A second, though disturbing, lesson from Kumawu and Assin North is the large-scale vote buying before and during the polls, which has increased in Ghana since 2008. According to media reports, the NPP and NDC gave cash and other inducements to persuade people to vote for their preferred candidates.

Although vote buying has increased, it’s starting to have negative returns, especially in swing constituencies

Politics in Ghana has become an expensive undertaking. The Center for Democratic Development Ghana survey estimated it would cost at least US$100 million to win presidential elections. Most of this is spent on campaigning and voter inducement, and the electorate now seems to expect payments before voting.

According to a Global InfoAnalytics post-election survey, 96% of voters in Assin North witnessed vote buying, while 92% confirmed receiving some inducement – such as cash, farm tools, motorbikes or bicycles – to vote in a particular way.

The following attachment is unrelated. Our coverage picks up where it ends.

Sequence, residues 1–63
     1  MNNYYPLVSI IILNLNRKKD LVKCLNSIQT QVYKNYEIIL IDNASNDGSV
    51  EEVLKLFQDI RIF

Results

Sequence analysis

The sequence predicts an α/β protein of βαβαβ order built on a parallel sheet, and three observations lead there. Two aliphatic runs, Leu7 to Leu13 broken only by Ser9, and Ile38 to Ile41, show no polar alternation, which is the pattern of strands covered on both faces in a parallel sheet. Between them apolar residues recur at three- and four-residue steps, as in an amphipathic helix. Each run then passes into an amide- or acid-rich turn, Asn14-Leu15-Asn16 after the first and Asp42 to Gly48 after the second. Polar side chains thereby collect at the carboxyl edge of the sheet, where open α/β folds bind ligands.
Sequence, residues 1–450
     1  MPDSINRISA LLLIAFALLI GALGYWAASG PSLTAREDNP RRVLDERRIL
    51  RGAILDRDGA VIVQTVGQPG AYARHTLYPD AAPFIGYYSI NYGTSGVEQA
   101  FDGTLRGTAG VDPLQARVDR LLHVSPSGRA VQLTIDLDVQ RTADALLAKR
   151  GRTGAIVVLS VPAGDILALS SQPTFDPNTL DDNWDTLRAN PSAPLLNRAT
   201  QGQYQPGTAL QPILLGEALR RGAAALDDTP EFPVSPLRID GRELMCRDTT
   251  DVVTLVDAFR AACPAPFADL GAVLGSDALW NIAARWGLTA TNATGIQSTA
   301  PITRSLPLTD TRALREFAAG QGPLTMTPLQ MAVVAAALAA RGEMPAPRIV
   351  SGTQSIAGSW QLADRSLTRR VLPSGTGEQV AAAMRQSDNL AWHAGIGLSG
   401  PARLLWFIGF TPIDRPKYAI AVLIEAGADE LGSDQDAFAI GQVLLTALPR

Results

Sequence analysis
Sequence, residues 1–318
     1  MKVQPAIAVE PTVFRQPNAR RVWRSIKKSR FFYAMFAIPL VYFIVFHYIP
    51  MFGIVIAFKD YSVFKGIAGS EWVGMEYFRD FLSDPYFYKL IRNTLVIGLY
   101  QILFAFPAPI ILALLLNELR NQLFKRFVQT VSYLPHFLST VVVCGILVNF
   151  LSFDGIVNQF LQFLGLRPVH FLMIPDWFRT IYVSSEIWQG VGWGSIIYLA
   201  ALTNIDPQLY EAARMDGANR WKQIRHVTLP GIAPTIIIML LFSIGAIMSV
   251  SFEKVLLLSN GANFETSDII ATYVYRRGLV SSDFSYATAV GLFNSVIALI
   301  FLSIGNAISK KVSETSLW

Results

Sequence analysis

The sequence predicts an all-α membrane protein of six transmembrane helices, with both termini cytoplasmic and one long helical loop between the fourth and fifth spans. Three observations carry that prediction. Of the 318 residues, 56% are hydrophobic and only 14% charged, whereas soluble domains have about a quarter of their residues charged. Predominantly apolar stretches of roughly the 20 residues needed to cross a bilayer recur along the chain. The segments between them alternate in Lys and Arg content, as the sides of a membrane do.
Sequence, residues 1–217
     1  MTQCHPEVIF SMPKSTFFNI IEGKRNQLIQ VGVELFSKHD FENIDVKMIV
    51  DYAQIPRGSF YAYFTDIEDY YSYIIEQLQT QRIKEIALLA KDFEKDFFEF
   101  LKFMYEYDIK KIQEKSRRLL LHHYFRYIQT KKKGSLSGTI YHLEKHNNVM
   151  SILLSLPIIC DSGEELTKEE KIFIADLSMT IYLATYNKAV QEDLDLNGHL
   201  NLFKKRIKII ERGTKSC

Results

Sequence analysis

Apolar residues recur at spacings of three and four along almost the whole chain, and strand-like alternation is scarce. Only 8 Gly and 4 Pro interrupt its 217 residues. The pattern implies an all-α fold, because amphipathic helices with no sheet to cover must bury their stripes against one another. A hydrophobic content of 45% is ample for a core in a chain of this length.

Nonetheless, electorates are becoming more cynical, and politicians can no longer take them for granted. Global InfoAnalytics data showed that financial inducements don’t guarantee a particular vote. In Assin North, 29% of those receiving inducement from the NDC voted against its candidate, and 42% getting incentives from the NPP voted against it.

Likewise, hurriedly started pre-election projects, which many analysts believed were initiated to influence polling, caused 46% of voters in Assin North to vote against the government. Vote buying is starting to have negative returns, especially in swing constituencies.